Historically, there were many Tibetan Buddhist monasteries in China, Central Tibet, Amdo, Kham, Gansu, Inner Mongolia, East Turkistan (Xinjiang) and a small part of what was formerly included in Manchuria. In 1945, Russian troops liberated Manchuria from Japanese rule, and following Stalin’s policy in Russia and Mongolia, they destroyed many of the Manchurian monasteries. Many of the monasteries were completely abandoned during the Anti-Rightist Movement in 1958. The majority of monasteries in Amdo and Kham were also destroyed starting from 1958, while in Central Tibet the destruction started in 1959, but especially from 1962 onwards.
Thus well before the Cultural Revolution (1966 – 1976) most of the monasteries in Tibet and Manchuria had already been demolished, whereas most of the monasteries in East Turkistan and Inner Mongolia were not destroyed until the Cultural Revolution itself. Although Chinese monasteries and mosques were also destroyed during the Cultural Revolution, it did not reach the same extent as the destruction of Tibeto-Mongolian Buddhist monasteries.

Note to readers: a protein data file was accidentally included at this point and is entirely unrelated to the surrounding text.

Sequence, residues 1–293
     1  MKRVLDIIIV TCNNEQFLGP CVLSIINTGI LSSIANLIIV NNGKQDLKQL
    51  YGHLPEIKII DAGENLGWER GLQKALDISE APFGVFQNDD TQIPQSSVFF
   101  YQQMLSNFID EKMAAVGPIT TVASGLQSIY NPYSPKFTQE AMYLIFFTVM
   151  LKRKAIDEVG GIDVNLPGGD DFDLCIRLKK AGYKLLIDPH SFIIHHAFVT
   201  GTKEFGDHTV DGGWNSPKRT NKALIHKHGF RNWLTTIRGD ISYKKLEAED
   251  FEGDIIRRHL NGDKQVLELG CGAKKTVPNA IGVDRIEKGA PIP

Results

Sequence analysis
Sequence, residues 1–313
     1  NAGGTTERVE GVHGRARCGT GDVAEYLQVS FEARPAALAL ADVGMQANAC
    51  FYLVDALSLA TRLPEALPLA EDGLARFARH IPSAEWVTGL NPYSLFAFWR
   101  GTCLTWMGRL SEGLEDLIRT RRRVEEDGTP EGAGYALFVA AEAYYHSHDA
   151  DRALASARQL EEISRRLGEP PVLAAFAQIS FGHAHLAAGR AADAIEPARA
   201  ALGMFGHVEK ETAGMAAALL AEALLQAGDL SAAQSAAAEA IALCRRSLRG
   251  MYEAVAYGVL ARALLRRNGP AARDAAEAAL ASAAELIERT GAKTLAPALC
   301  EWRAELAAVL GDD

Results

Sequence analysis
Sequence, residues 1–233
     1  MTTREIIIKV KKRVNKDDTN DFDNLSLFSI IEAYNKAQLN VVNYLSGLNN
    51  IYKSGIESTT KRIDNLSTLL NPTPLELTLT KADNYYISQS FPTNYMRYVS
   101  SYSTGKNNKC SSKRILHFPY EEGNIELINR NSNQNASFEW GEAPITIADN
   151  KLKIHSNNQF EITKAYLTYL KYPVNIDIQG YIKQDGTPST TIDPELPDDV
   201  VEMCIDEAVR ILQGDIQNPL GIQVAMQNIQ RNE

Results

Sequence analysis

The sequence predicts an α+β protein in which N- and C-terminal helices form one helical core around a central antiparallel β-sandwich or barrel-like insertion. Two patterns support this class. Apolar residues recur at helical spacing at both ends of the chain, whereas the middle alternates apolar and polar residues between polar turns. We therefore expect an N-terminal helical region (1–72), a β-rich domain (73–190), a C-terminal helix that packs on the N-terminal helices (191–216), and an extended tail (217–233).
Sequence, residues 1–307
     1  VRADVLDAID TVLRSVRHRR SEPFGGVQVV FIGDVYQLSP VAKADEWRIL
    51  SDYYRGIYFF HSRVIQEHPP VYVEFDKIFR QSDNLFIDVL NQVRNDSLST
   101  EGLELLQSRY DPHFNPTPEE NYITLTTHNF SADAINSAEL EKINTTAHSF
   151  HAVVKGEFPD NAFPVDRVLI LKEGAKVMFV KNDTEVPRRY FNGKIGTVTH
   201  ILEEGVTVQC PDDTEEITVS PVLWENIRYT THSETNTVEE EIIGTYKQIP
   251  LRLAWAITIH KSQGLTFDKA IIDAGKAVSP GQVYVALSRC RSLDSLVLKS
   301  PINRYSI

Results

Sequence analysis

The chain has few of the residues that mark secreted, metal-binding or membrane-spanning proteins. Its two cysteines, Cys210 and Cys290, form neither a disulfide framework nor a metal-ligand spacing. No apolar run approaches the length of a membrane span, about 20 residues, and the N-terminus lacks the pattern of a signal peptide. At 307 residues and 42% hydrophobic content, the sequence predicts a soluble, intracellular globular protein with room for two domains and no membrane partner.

Now, in 1994, the Buddhists are allowed to rebuild old monasteries, but not to found new ones, whereas the Muslims are allowed to build new mosques as well as repair the old. This difference in policy seems to be the result of pressure from Middle Eastern countries and the importance China places on its huge economic relations with this region. There are more mosques in the People’s Republic of China in 1994 than there were in 1949.